French toast is pretty well suited for camping. It uses basic ingredients and doesn’t require a lot of skill to prepare–perfect for when the coffee really hasn’t kicked in yet.
If you’re cooking for two people, French toast is a breeze. But if you’ve got a large group to feed, the production process can really slow things down.
Dip, flip, transfer, toast, flip, repeat. If you only have one skillet going, it can take forever! By the time the last piece of toast is done, the first one is stone cold. So what’s to be done?
Our solution is simple: ditch the concept of individual slices and go with a Dutch oven filled with hand-torn bread chunks that have been coated in a sweet egg-milk mixture and baked to golden perfection! Sort of like a French Toast Casserole. All you need to do is slice it into wedges and drizzle with maple syrup.
The benefit of this approach is all the food is ready–and hot–at once. No more eating in shifts or trying to keep things warm under foil. Also, since the whole thing is baked in cast iron, it will stay warm for quite a while afterwards, too.
This style of French toast also lends itself very well to mix-ins. For this recipe we mixed in some fresh blueberries, which we baked along with it. You can add any berries or fruit that you like. Since it’s all tossed up anyways, it’s easier to get a berry here and there with each bite!
So if you love the idea of French Toast, but want to condense the cooking time down, give this Dutch oven French Toast Bake a try!
Why We Love It
↠ Great way to make a lot of French toast, all at once.
↠ While the Dutch oven bakes, we can focus our energy on other things. Like making a second cup of coffee!
↠ Lends itself well to mix-ins like seasonal berries
↠ It feels like a French Toast cake, which is just sort of special on its own.
Tips & tricks
Our biggest tip for baking in a Dutch oven is to line the bottom with parchment paper. This not only helps prevent sticking–and makes clean up easier–but it will also help you lift everything out in one piece. The easiest way to do this is by placing the Dutch oven lid on a sheet of parchment paper and tracing around it.
↠ Dutch oven: A cast iron Dutch oven is the most versatile piece of camp cooking equipment. For this recipe we used a 10” 4 quart Dutch oven. You will want to 1.5x this recipe if using a 12” 6 quart.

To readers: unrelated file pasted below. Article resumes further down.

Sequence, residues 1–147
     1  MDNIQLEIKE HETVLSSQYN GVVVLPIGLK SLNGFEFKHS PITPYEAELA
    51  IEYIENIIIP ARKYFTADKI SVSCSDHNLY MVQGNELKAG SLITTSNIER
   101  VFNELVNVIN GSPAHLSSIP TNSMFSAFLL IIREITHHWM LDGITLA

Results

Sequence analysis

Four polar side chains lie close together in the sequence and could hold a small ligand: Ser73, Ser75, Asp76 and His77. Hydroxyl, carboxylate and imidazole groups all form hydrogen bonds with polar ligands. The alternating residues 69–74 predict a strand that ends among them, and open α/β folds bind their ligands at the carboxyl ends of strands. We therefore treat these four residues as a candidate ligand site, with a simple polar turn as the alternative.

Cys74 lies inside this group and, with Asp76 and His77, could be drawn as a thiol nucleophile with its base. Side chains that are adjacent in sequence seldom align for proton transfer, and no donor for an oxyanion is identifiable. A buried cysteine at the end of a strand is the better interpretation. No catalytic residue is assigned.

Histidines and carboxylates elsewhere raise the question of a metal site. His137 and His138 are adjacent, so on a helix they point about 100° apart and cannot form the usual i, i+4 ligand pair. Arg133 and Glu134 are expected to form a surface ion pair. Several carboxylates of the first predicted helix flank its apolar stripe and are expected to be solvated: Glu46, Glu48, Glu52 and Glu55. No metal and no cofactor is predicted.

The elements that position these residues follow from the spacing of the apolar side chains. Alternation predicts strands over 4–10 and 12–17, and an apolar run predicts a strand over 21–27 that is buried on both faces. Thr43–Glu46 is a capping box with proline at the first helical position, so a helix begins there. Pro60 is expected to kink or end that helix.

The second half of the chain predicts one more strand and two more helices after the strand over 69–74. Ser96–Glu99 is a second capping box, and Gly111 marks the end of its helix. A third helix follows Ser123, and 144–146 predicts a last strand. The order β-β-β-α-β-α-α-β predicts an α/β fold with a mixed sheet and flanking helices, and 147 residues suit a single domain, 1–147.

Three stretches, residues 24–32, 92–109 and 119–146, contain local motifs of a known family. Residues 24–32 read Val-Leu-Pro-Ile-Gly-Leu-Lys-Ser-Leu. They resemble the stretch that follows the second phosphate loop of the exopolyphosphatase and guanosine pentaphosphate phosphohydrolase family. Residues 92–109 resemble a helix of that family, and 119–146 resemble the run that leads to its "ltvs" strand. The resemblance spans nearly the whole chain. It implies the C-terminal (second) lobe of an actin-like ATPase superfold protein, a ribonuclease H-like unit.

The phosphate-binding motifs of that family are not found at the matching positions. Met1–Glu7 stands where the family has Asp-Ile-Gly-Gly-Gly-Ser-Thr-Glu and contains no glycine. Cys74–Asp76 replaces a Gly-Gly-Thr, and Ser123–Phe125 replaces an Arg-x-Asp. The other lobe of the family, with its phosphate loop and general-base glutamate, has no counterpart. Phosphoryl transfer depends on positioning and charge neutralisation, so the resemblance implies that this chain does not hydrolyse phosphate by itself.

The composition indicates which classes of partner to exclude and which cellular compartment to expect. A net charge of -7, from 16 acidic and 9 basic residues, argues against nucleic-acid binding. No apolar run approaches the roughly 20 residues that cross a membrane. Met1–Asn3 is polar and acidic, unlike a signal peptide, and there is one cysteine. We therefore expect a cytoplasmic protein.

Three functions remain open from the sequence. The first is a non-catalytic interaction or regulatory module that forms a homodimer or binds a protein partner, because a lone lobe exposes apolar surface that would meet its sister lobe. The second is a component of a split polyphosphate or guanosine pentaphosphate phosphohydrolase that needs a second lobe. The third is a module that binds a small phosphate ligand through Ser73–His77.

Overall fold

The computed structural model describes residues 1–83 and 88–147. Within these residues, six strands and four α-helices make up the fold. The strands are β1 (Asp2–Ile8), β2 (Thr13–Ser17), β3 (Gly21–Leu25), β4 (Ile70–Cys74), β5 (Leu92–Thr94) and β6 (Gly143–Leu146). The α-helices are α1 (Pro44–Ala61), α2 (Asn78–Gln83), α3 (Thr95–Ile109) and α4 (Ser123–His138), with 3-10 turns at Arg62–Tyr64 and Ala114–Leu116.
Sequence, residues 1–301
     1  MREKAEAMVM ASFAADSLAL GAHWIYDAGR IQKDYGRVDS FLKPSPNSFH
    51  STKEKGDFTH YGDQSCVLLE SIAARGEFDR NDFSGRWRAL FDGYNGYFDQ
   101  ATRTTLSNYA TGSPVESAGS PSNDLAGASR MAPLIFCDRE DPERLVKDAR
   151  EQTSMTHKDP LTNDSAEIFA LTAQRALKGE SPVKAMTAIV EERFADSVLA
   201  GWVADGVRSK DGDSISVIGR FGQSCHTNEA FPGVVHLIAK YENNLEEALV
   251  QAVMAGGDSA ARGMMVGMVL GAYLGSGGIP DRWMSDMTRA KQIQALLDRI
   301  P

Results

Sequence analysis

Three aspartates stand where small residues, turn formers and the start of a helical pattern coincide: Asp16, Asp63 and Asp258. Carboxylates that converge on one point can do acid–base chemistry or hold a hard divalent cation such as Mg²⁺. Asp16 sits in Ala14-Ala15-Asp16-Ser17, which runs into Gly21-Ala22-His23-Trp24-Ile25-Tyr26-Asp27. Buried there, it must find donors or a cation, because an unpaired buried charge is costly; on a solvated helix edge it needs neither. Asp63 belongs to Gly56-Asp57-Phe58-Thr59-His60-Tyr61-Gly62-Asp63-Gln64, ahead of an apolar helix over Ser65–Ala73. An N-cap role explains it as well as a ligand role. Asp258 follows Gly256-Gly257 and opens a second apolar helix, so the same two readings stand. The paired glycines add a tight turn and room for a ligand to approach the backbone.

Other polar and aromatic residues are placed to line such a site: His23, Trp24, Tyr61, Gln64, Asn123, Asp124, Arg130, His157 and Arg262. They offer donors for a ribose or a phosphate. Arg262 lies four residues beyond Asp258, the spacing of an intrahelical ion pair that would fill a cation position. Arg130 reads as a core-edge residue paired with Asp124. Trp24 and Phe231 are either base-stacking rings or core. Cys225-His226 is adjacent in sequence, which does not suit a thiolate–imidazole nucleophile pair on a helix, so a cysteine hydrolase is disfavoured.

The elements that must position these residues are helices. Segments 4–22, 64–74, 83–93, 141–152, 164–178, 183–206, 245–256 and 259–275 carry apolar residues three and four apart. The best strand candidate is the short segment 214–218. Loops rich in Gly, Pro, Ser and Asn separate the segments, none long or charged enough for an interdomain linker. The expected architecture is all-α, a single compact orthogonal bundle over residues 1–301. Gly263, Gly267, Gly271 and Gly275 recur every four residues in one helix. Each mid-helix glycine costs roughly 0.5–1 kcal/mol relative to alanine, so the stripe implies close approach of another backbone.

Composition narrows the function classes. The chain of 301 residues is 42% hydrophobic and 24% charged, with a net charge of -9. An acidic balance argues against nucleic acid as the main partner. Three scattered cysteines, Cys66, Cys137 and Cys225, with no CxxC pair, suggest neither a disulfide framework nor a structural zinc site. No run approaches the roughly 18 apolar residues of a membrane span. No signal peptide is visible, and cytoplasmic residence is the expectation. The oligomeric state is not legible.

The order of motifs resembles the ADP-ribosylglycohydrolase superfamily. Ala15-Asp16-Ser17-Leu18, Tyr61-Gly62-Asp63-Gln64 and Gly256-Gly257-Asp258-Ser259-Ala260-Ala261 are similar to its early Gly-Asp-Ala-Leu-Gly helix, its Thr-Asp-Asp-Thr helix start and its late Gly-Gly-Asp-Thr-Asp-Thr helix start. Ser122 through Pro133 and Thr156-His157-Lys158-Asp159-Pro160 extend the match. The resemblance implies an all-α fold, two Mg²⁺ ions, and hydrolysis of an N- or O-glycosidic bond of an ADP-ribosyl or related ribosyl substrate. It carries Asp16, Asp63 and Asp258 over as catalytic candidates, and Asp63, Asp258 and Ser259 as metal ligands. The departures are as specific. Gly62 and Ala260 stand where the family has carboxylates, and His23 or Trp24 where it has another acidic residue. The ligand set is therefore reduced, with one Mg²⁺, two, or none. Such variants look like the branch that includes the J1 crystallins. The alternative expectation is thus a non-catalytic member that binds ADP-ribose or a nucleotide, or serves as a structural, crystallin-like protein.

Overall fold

↠ Lid Lifter: We use a 4-1 lid lifter / pot stand from Lodge. It is fairly inexpensive and makes handling the Dutch oven lid a lot easier.
↠ Collapsible Charcoal Chimney: A charcoal chimney is the fastest (non-lighter fluid) way to get a batch of charcoals going.
↠ Heat Resistant Gloves: Whenever we’re working around a campfire, hot coal, or hot anything really, we like to wear our heat resistant gloves. Never singe another knuckle!
Start your coals. Cut out a circular piece of parchment paper to serve as a liner inside a 10-inch Dutch oven.
Tear the bread into rustic pieces (roughly 2 inches square) and place in the Dutch oven on top of the parchment paper..
In a large bowl, thoroughly mix the eggs, then stir in salt, sugar, cinnamon, and vanilla extract. Once those ingredients are fully incorporated, stir in the milk.
Now slowly drizzle the mixture over the bread. Use a wooden spoon or rubber spatula to lightly toss the bread until each piece is evenly coated. Sprinkle the blueberries on top and mix gently.
Cover the Dutch oven and set it over seven evenly spaced briquets, then add 14 briquets to the top of the lid, giving a cooking temperature of about 350 degrees in a 10-inch oven. (Use 16 total coals for an 8-inch Dutchie, or 25 for a 12-incher, placing about one-third of the coals underneath and the rest on top.) Bake for about 30 minutes. Serve with butter and maple syrup.